on eco bags seemed like a good idea for Christmas /Summer Solstice presents
It’s all part of our environmental focus, and our education in sustainable choices.
The bees – native black, honey, and bumble – visit the flowers in Flight of Pollen and it’s a joy to see them out (along with the hoverfly) visiting flowers this summer. I learnt so much / observe with new eyes since creating this game.
It’s also a joy to be carrying them on a tote bag into the supermarket!!
this summer is expected to be the biggest we’ve ever known.
That’s because we’re having the biggest rimu mast that’s ever been recorded.
Rimu mast (seed fruiting in large amounts) is the trigger for the female kākāpō on Codfish Island/Whenua Hou (about three kilometres north-west of Stewart Island/Rakiura), and on Anchor Island/Puke Nui (in Fiordland’s Dusky Sound) to come, answer the boys booming. Finally joining them to dance in their sounding bowls!
These Islands are home to New Zealand’s main populations of kākāpō. The third Island is Te Hauturu-o-Toi/Little Barrier Island, in the Hauraki Gulf.
There are 148 kākāpō and the population is slowly increasing. But the likeable parrots face lots of problems. The biggest is infertility.
Kākāpō and takahē expert Andrew Digby, a DOC scientist says that, “Only about half of the eggs hatch, and only about a third of the eggs that are laid turn into chicks that fledge.”
Last year, for example, there were 122 eggs laid but only 34 chicks fledged.
That makes mast years like next year of huge importance. Digby says, “It’s going to be a big one for us.”
One that will bring out the girls!
Thanks to the undaunting efforts of the Department of Conservation, in Cloak of Protection, Kākāpō remain in the FOREST realm, and have not joined the EXTINCT realm.
The pitter patter of little takahē feet is on the cards at Kahurangi National Park. DOC reports that the first eggs of the new wild population have been found at Gouland Downs off the Heaphy Track, only the second wild site for takahē.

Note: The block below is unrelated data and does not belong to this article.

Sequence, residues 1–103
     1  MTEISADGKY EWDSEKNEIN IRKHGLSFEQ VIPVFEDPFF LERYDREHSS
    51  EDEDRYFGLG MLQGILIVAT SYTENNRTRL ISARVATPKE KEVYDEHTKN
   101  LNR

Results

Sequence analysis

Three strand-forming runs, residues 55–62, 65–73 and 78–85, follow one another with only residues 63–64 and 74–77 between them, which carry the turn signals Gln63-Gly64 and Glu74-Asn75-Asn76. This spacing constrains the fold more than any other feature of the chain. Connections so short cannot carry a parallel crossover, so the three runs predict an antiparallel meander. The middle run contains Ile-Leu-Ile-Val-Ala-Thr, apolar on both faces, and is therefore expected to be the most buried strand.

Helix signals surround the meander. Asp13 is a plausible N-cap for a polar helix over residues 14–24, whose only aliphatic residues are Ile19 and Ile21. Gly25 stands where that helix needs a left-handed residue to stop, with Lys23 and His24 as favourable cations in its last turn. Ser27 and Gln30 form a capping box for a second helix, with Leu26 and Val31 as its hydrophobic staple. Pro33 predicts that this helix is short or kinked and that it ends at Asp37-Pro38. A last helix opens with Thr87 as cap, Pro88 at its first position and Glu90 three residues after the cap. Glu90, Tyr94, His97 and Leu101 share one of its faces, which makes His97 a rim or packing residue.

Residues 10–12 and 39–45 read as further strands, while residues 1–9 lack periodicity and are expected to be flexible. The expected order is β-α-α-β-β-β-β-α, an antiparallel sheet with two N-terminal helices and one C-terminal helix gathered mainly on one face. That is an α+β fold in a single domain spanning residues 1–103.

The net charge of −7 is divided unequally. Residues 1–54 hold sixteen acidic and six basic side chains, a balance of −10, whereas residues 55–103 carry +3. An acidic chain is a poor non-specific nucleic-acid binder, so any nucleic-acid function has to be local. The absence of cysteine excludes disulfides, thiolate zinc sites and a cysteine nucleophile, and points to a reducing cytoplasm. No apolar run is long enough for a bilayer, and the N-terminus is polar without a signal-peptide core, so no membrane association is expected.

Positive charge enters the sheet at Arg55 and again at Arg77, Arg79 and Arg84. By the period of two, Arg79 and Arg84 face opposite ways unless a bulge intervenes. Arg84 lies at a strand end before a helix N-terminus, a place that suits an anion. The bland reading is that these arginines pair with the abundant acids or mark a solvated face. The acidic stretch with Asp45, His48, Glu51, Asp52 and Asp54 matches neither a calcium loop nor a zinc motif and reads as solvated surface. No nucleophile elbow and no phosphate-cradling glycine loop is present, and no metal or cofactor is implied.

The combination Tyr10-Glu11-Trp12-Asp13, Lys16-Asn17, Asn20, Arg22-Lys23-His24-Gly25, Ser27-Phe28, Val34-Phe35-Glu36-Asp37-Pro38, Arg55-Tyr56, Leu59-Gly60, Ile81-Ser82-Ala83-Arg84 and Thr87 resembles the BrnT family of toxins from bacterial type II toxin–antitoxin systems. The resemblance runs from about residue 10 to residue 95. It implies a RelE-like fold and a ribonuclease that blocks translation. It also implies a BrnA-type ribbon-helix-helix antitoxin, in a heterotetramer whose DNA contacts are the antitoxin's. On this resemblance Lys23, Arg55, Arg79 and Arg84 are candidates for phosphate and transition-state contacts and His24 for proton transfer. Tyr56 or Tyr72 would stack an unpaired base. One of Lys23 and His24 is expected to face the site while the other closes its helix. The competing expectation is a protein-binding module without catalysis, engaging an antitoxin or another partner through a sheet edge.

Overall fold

Today it is exactly 70 years since takahē were rediscovered in the Murchison mountains of Fiordland.
As a student, one of my holiday jobs was working at the Murrell Accomodation in Manapouri. Old man Murrell told me that he had been one of the group that lead Orbell up into the mountains on that day.
He also laughed and claimed that they knew of the existence of the birds long before this. I wonder?
Never-the-less, we mark today as the 70th year of their rediscovery.
Takahē in Cloak of Protection belong in Tane’s Forest Realm. The work of The Takahē Recovery Programme means that they did not join Hine Nui Te Po in the realm of the extinct.
Seventy years on they remain with us, and are now laying eggs in the wild in two locations.
are the ones let loose huge amounts of male pollen. The female positions herself downwind and catches his pollen grains from the air!
It’s a very ancient way. And in this windy country, with strong westerly winds, it works!
Our sneeziest plants are the introduced: gorse, macrocarpa, plantain, pine trees, olive, meadow foxtail grass, and privet.
In Flight of Pollen the native tree miro, and the native bush karamu, let fly huge amounts of pollen too …
It’s a long season of sniffles and sneezes for us!? A-tish-ho! A-tish-ho!
Farmers and gardeners have been spraying their crops and flowers for years to protect them from pests.
We’re told that it has to be this way. Don’t believe it!
These pesticides harm and kill. Pollinating insects – gone. The small birds that feed on these insects – weakened, infertile. The larger birds that hunt the smaller birds (like karearea, our falcon) – birth eggs with shells so brittle, they break.
There are other ways to control our garden pests. For instance, Mrs Thrush. She eats slugs and snails. For free!
In Flight of Pollen, bees and hoverflies are important pollinators
The Krefeld Entomological Society (est. 1905) has discovered huge declines in several observation sites throughout Western Europe.
In Australia, Jack Hasenpusch, an entomologist and owner of the Australian Insect Farm which collects swarms of wild insects, says: “. . . it’s left me dumbfounded, I can’t figure out what’s going on.”
Here in NZ, we’re still visited by moths at night, still finding bugs squashed on our car windscreens, still able to lie in an apple orchard and watch the hoverflies working, still able to visit a community garden in summer to watch oodles of native bees. . .
. . .and can even find a wild honeybee nest down where the free range chooks roam (which I did last week)